National Endowment for Democracy:
Paying to Make Enemies of America
by Rep. Ron Paul (R-TX)
International Endowment for Democracy,
October 11, 2003, www.iefd.org/
The misnamed National Endowment for Democracy
(NED) is nothing more than a costly program that takes US taxpayer
funds to promote favored politicians and political parties abroad.
What the NED does in foreign countries, through its recipient
organizations the National Democratic Institute (NDI) and the
International Republican Institute (IRI), would be rightly illegal
in the United States. The NED injects "soft money" into
the domestic elections of foreign countries in favor of one party
or the other. Imagine what a couple of hundred thousand dollars
will do to assist a politician or political party in a relatively
poor country abroad. It is particularly Orwellian to call US manipulation
of foreign elections "promoting democracy." How would
Americans feel if the Chinese arrived with millions of dollars
to support certain candidates deemed friendly to China? Would
this be viewed as a democratic development?
In an excellent study of the folly of
the National Endowment for Democracy, Barbara Conry notes that:
"NED, which also has a history of
corruption and financial mismanagement, is superfluous at best
and often destructive. Through the endowment, the American taxpayer
has paid for special-interest groups to harass the duly elected
governments of friendly countries, interfere in foreign elections,
and foster the corruption of democratic movements...
"...the controversy surrounding NED
questions the wisdom of giving a quasi-private organization the
fiat to pursue what is effectively an independent foreign policy
under the guise of 'promoting democracy.' Proponents of NED maintain
that a private organization is necessary to overcome the restraints
that limit the activities of a government agency, yet they insist
that the American taxpayer provide full funding for this initiative.
NED's detractors point to the inherent contradiction of a publicly
funded organization that is charged with executing foreign policy
(a power expressly given to the federal government in the Constitution)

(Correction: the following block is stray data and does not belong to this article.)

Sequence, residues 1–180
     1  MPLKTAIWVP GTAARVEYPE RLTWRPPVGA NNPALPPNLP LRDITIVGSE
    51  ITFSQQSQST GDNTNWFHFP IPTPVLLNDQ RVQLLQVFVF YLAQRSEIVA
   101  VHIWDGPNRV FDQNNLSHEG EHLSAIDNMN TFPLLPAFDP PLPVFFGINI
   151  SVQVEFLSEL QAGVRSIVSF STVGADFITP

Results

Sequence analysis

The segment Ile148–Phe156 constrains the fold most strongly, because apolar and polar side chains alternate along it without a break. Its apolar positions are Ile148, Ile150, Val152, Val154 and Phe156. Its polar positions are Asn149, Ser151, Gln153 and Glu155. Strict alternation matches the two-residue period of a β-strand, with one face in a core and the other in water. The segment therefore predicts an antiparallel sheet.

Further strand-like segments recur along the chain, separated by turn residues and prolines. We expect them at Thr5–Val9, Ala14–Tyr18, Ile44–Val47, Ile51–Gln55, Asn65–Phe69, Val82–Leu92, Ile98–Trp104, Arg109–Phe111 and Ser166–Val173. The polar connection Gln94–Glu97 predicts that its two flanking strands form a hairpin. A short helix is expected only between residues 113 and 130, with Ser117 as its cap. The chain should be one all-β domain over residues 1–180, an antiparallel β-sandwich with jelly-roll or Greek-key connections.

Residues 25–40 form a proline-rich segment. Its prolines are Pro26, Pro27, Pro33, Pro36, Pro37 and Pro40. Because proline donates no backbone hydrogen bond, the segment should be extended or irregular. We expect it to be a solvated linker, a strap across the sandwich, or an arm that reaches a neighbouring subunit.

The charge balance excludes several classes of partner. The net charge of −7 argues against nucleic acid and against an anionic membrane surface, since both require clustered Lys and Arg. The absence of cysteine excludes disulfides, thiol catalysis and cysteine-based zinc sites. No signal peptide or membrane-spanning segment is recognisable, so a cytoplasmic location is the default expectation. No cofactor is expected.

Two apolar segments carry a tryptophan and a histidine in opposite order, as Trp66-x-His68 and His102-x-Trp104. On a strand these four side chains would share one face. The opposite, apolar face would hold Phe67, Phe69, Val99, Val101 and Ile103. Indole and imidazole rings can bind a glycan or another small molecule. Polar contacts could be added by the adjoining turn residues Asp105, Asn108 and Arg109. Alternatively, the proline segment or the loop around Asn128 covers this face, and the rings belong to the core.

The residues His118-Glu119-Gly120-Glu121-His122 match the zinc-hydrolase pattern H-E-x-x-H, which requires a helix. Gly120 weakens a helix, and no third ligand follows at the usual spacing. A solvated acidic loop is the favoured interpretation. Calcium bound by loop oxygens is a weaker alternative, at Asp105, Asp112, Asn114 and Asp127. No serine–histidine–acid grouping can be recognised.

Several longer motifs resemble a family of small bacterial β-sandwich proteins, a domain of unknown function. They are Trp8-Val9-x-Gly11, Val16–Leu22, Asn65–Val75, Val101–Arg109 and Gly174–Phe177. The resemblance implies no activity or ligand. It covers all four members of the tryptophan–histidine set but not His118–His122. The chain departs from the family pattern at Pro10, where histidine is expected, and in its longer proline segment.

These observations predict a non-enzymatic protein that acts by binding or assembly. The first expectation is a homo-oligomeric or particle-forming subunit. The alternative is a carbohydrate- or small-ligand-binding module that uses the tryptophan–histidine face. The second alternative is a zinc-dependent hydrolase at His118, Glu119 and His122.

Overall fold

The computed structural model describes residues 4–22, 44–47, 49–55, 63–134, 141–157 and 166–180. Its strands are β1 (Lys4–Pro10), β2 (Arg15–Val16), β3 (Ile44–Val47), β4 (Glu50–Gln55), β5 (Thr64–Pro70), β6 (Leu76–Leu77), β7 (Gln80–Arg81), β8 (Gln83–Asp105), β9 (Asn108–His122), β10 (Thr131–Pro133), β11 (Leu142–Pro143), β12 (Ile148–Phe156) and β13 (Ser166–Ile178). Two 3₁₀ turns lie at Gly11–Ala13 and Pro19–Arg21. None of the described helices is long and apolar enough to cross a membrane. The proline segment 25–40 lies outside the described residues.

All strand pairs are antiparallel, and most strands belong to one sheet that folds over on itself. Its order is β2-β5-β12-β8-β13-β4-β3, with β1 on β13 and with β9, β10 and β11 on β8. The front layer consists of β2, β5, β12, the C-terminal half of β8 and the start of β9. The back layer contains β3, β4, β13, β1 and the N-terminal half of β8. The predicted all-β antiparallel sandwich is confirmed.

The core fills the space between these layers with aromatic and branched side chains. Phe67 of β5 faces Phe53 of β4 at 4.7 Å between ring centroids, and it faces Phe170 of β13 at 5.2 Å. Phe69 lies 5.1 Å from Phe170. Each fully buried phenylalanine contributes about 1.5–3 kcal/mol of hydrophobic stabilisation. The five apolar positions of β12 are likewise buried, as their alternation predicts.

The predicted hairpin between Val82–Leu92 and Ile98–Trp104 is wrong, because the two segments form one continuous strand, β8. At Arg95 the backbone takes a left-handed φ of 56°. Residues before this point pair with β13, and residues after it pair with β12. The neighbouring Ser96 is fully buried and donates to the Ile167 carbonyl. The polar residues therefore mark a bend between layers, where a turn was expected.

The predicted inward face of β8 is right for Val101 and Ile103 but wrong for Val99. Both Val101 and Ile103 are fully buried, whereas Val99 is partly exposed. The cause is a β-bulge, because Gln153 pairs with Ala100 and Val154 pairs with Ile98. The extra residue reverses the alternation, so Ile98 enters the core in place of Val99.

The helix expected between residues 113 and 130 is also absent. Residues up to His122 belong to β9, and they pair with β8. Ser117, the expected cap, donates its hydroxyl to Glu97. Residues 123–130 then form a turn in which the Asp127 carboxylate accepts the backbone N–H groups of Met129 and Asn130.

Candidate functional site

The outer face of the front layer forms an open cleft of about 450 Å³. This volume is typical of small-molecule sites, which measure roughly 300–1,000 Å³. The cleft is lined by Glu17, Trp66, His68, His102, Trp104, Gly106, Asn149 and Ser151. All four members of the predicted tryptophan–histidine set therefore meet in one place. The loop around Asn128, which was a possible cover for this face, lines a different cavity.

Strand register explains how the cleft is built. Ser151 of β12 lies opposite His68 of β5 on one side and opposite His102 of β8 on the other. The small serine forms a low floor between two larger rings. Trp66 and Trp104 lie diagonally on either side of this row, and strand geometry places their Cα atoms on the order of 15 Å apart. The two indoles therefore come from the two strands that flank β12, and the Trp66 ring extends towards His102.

yet exempt from nearly all political and administrative controls...
"...In the final analysis, the endowment
embodies the most negative aspects of both private aid and official
foreign aid-the pitfalls of decentralized 'loose cannon' foreign
policy efforts combined with the impression that the United States
is trying to 'run the show' around the world."
The National Endowment for Democracy is
dependent on the US taxpayer for funding, but because NED is not
a government agency, it is not subject to Congressional oversight.
It is indeed a heavily subsidized foreign policy loose cannon.
Since its founding in 1983, the National
Endowment for Democracy has been headed by Carl Gershman, a member
of the neo-Trotskyite Social Democrats/USA.
Perhaps that is one reason much of what
NED has done in the former Communist Bloc has ended up benefiting
former communists in those countries. As British Helsinki Human
Rights Group Director Christine Stone has written:
Both (IRI and NDI) are largely funded
by the National Endowment for Democracy (NED) ... which, in turn,
receive money from the American taxpayer. Both have favoured the
return to power of former high-ranking Communists which has also
meant co-opting foot-soldiers from the new left who have extremely
Skender Gjinushi, speaker of the Albanian
parliament, thanks the IRI for its assistance in drafting the
Albanian constitution in 1998. What the IRI does not say is that
Gjinushi was a member of the brutal Stalinist Politburo of Enver
Hoxha's Communist Party until 1990 and one of the main organizers
of the unrest that led to the fall of the Democratic Party government
in 1997 and the death of over 2000 people.
President Stoyanov of Bulgaria drools:
"Without IRI's support we could not have come so far so fast."
Indeed. Indeed. So far did they come that Ivan Kostov (who supplies
another encomium to IRI) was catapulted from his job teaching
Marxism-Leninism at Sofia University to being prime minister of
Bulgaria and a leader of "reform."
In Slovakia, NED funded several initiatives
aimed at defeating the freely-elected government of Prime Minister
Vladimir Meciar, who, interestingly, had been persecuted by the
previous Communist regime. After the election, an IRI newsletter
boasted that "IRI polls changed the nature of the campaign,"
adding that IRI efforts secured "a victory for reformers
in Slovakia." What the IRI does not say is that many of these
"reformers" had been leading members of the former Communist
regime of then-Czechoslovakia. Is this democracy?
More recently, IRI president George A.
Folsom last year praised a coup against Venezuela's democratically-elected
president, saying, "Last night, led by every sector of civil
society, the Venezuelan people rose up to defend democracy in
their country." It was later revealed that the National Endowment
for Democracy provided funds to those organizations that initiated
the violent revolt in the streets against Venezuela's legal leaders.
More than a dozen civilians were killed and hundreds were injured
in this attempted coup. Is this promoting democracy?
The National Endowment for Democracy,
by meddling in the elections and internal politics of foreign
countries, does more harm to the United States than good. It creates
resentment and ill-will toward the United States among millions
abroad. It is beyond time to de-fund this Cold War relic and return
to the foreign policy of our founders, based on open relations
and trade with all countries and free from meddling and manipulation
in the internal affairs of others.
National Endowment for Democracy (NED)